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Mind-Blowing Kansas Historic Victorian House For Sale

526 Union St in 1999, before the current owners began the restoration.

 
I’ve hopped over the rainbow to Kansas today, where something tells me there’s no place like this 1894 home. Today’s Queen Anne fixer-upper is in the city of Emporia, and I just couldn’t believe my eyes as I looked through one mind-blowing photo after another. Really, it just keeps going! This is a case of owners pouring their hearts into an intensive restoration job (see above for a photo of what the building looked like when they purchased it!), and now needing new hands to pick up where they left off. The whole thing just makes my heart sing. Here are a few reasons why.
 

1

A PAINTED LADY

Asymmetrical façades like this one give the eye a lot to take in, especially considering all those intact details. I can tell already that the rounded turret with its conical roof is going to lead to some pretty charming spaces once I get inside. This lady’s façade has begun her makeover thanks to some dedicated homeowners, but now she needs someone to swoop in and give her some touch-ups! The wrap-around porch is missing its paired columns over certain stone pedestals, but just enough exist for someone to replicate the rest. Can’t you just see a round table at that corner spot for some tasty outdoor meals?
 

 3

ALL IN THE DETAILS

This home has served many purposes: from a frat house to a boarding house to Scott Mouse, Sr and Jr’s “Mouse Palace Hotel” (best name I’ve heard yet, folks). Given all this, I’m beyond thrilled so many original features survive. By the looks of it, the current owners have done an incredible job restoring those stained glass transoms, the tiled fireplaces, and the durable yet delicate Lincrusta wainscoting (a popular Victorian embossed wall covering). And what’s a glamorous Victorian house without a built-in butler’s pantry and a floor-to-ceiling china cabinet? Let’s also not overlook the main entryway vestibule, which boasts ornate door hardware and multi-colored floor tiles. Original hardware – now that’s something!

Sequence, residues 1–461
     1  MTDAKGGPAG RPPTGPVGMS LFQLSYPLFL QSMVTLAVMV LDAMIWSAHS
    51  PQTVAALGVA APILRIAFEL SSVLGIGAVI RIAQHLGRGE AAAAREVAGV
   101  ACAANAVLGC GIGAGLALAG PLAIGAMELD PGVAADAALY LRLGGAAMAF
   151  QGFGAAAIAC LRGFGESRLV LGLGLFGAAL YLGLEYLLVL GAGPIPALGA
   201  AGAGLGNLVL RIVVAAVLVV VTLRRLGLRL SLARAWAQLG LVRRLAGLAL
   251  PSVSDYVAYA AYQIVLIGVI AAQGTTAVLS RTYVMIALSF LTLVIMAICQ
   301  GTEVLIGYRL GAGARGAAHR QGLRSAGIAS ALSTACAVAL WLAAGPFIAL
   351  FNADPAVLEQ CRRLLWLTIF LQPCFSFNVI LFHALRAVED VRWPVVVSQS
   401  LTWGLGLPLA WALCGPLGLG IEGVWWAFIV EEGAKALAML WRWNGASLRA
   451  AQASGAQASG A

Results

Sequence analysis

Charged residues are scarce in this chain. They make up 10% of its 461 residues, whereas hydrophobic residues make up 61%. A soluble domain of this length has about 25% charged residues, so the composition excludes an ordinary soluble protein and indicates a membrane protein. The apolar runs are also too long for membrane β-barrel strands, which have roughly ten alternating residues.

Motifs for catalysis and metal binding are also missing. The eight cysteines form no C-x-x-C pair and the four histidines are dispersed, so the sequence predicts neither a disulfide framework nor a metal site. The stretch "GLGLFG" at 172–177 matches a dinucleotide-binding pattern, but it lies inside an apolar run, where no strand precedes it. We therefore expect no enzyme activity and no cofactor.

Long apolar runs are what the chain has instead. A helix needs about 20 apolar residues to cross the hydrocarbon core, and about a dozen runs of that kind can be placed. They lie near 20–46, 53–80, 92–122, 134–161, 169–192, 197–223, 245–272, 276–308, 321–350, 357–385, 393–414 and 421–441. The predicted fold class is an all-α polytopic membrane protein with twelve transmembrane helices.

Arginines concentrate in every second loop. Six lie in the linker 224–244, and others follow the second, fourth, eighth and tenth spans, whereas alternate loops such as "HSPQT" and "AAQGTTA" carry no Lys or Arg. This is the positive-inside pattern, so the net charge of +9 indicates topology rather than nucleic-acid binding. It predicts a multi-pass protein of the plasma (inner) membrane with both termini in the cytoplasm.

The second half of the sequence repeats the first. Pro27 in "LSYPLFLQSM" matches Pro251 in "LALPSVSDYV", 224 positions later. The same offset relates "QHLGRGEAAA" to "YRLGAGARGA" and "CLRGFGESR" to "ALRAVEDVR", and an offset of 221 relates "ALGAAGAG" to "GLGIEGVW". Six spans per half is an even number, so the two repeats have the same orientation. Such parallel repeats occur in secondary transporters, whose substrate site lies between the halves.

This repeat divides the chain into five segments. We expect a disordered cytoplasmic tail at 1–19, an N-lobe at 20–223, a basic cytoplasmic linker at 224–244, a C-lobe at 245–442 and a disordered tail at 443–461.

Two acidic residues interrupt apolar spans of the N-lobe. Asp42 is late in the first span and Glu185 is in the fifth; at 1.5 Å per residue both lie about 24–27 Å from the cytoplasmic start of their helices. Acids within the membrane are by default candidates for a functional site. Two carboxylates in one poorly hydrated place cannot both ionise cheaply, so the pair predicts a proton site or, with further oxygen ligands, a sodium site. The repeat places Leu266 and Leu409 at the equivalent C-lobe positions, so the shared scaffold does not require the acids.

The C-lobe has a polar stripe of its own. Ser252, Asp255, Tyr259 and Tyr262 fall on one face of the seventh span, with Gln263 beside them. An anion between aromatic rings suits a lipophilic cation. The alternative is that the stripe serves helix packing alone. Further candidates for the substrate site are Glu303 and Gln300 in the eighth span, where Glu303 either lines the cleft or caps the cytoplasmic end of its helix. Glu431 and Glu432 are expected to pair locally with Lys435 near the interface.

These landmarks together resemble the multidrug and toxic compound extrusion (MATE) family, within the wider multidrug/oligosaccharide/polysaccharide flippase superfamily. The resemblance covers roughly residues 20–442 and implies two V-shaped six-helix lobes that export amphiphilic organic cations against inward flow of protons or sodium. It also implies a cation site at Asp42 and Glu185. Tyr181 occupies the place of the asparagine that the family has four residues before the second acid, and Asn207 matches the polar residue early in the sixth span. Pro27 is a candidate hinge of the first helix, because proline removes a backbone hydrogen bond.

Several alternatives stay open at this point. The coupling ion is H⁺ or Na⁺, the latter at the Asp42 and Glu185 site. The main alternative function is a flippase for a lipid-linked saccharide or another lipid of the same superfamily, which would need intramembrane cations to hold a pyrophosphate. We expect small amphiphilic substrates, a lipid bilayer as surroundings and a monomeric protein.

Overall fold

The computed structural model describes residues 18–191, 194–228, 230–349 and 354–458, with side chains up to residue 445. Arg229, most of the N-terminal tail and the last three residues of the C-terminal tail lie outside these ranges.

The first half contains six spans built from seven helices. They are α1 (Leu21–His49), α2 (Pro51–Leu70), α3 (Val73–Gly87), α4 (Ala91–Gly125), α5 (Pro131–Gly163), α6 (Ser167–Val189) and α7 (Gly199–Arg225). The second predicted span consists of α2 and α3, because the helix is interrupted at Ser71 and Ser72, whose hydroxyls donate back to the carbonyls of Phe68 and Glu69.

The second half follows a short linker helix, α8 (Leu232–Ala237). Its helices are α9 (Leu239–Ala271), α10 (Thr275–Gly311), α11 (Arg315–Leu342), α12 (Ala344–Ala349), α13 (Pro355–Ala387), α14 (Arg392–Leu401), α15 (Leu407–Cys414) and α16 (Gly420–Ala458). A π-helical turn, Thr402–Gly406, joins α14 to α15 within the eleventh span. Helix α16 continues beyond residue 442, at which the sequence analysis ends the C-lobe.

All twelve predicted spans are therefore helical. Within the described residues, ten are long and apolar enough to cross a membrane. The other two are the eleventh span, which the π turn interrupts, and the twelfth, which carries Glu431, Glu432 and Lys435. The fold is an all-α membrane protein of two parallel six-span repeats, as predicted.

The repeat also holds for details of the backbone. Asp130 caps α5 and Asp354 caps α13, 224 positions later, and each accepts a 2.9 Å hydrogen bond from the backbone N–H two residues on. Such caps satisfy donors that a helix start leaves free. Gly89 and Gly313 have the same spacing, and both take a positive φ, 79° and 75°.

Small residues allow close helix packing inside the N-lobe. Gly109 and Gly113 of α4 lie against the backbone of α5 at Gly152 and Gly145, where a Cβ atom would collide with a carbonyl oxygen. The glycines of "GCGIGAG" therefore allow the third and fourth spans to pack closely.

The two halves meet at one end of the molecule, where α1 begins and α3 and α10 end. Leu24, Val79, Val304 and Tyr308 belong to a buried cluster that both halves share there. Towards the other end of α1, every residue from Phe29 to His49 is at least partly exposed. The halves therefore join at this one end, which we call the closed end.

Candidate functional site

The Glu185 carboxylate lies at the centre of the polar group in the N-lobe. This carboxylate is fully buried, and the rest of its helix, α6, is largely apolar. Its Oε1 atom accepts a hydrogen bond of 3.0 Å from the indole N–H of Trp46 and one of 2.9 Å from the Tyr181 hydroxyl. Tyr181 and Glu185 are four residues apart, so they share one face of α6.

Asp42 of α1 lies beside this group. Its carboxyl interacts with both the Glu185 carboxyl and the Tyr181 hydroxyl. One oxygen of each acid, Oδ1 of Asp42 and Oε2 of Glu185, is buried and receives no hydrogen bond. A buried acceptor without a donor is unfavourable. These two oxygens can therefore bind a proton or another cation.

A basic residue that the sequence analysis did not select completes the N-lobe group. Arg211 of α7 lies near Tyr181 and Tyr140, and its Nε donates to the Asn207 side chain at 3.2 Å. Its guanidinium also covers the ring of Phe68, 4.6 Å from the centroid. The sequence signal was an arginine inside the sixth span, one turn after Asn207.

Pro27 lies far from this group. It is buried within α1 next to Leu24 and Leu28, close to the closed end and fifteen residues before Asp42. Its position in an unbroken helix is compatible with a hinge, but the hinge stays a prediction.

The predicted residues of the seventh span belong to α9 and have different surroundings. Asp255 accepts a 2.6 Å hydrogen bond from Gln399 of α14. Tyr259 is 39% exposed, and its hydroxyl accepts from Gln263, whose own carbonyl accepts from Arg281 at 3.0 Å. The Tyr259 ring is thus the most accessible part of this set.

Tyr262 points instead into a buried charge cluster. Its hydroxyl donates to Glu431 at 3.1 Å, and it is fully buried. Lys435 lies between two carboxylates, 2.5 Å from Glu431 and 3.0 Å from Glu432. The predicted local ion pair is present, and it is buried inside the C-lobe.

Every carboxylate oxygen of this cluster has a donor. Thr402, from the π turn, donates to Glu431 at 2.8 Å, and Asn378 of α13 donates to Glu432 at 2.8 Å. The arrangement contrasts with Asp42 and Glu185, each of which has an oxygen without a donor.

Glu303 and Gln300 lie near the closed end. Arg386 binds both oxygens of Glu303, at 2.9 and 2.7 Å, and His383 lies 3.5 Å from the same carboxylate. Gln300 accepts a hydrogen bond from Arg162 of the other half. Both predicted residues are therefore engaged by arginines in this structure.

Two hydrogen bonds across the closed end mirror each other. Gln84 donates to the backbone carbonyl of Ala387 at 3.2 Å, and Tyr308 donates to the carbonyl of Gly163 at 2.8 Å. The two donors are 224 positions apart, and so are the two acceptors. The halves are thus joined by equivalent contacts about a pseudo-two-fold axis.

2

WONDERFUL WOODWORK

Those columns, that staircase! Like the classic, grand Victorian this is, gorgeous woodwork enriches almost every nook and cranny. Oak, birch, and cherry – to name a few – are on full display from the hand-carved motifs at mantels to ornate door and window casings in almost every room. There are even beautiful pocket doors, too. And I might be swayed to pay for a landline again just to use the telephone room behind that solid wood paneled door. A telephone room, just how great are old houses? What more can be said: this house is a true love song to the craftsmanship of yesteryear.

 
 
4

AN EMPORIA LANDMARK

Known as the Cross House, and listed on the National Register of Historic Places, this grand old gal was built in 1894 for Emporia’s first mayor, Colonel H.C. Cross. Though he died a few months after construction finished – and his wife followed eight years later – I can just imagine their lifestyle through the elegant house they left behind. I’m envisioning the latest gossip in the receiving room followed by a fancy dinner in the formal dining room (hello, big bay window). Of course there’d be servants, too, catering to every whim and staying in their top floor living quarters. I know if I passed muster as a guest of Colonel Cross, I’d definitely call dibs on the bedroom with the attached sun porch.

 
 
 
 
There are far too many photos to post here, but if you’re ready to roll up your sleeves you can head on over to Zillow to check out the full listing!
 
 
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Bonus: Since the restoration is a work-in-progress, the fantastic owners have put together an incredible collection of images of the house over time. Below are some highlights; the full shebang can be seen on their website.
 
 
1895-The-Cross-House

1895

 
1915-Meffert-Hospital

1915

 
1949-Mouse-Palace-Motel

1949

 
1969-Toms-House---February-23,-1969---Retouched

1969

 
1980s-The-Frank-&-Ester-Toms-Home

ca. 1980

 
1980-Toms-House---Front-Porch---1980

ca. 1980

 
1999-north-side

1999

 
1999-03-North-East-Corner-of-House

1999

 
1999-south-side

1999

 
1999-03-Porch-3

1999

 
2004-north-side

2004

 
2004-south-side

2004

 
 
 
AmandaAUTHOR AMANDA DAVIS

Amanda is an historic preservationist living in New York City with a particular fondness for fixer-uppers. She can be spotted checking out quirky historic details here, there, and everywhere in her handmade dresses. Every time Amanda sees a cozy room with large windows and beautiful built-ins she can’t help but imagine her very own sewing nook with oldies music playing in the background.
 

 

 
 



  • Ross

    I purchased this house in 2014.

    You can read all about it here:

    http://www.restoringRoss.com

    • CIRCAhouses

      WOW – you are my hero, Ross! So excited to read all about it and share it with everyone!

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